A column by Julia Duin in the Washington Post last week documented the death of a Pentecostal pastor who died after being bitten by one of the rattlesnakes he used in his church services.
Mark Randall “Mack” Wolford was known all over Appalachia as a daring man of conviction. He believed that the Bible mandates that Christians handle serpents to test their faith in God — and that, if they are bitten, they trust in God alone to heal them.The Washington Post photographer for the story has written a thoughtful companion piece, "Why I watched a snake-handling pastor die for his faith."
He and other adherents cited Mark 16:17-18 as the reason for their practice: “And these signs will follow those who believe: in My name they will cast out demons; they will speak with new tongues; they will take up serpents; and if they drink anything deadly, it will by no means hurt them; they will lay their hands on the sick, and they will recover.”
The son of a serpent handler who himself died in 1983 after being bitten, Wolford was trying to keep the practice alive, both in West Virginia, where it is legal, and in neighboring states where it is not...
“Praise the Lord and pass the rattlesnakes, brother” he wrote on May 23...
And so they were gathered at this evangelistic hootenanny of Christian praise and worship. About 30 minutes into the service, his sister said, Wolford passed a yellow timber rattlesnake to a church member and his mother. “He laid it on the ground,” she said, “and he sat down next to the snake, and it bit him on the thigh.”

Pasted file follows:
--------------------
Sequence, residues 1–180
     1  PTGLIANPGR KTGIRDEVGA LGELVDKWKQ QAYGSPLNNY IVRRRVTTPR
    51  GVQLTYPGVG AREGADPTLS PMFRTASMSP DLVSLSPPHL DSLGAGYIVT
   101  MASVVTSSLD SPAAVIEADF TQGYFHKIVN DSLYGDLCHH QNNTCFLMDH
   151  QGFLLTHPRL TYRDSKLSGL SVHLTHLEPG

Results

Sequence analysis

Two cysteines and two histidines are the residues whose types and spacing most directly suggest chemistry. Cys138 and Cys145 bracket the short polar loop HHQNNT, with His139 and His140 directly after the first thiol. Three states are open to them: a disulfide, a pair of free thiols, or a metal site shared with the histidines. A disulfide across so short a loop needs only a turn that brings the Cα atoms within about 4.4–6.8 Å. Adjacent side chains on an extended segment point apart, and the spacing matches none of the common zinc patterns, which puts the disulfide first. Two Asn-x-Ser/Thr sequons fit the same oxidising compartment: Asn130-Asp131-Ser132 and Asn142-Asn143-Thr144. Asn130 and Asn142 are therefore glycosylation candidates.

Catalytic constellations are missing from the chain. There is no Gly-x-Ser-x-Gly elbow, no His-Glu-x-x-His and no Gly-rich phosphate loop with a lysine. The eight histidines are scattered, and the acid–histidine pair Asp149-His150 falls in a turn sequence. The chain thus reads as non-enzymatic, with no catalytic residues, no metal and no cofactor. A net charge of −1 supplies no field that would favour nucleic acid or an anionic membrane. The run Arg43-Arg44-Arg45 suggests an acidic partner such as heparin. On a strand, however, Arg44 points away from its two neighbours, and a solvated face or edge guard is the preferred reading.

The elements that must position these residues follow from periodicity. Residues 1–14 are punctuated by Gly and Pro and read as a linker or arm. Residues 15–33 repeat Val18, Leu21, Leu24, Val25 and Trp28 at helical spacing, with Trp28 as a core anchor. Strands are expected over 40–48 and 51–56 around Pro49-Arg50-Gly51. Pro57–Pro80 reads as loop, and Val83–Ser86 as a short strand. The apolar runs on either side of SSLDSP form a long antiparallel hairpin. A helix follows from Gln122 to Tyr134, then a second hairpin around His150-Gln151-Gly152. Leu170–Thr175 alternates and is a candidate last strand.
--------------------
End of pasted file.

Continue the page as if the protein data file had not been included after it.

As a photojournalist, what role did I have in this tragedy, and what is it now, in the aftermath? Was it right for me to remain in the background taking pictures, as I did, and not seek medical attention for the dying pastor, whose beliefs forbade it? Or should I have intervened and called paramedics earlier, which would have undermined Mack’s wishes? Finally, what was I supposed to do with the images I shot?The story is of additional interest to me because I lived for ten years in Kentucky, where I became familiar with the phenomenon of religion-based serpent-handling. The knee-jerk reaction by cynics would be to observe that antivenom and hospital treatment with dialysis and life support could be viewed as the mechanism God uses to heal those bitten, but of course for the true believers it's much more complex than that.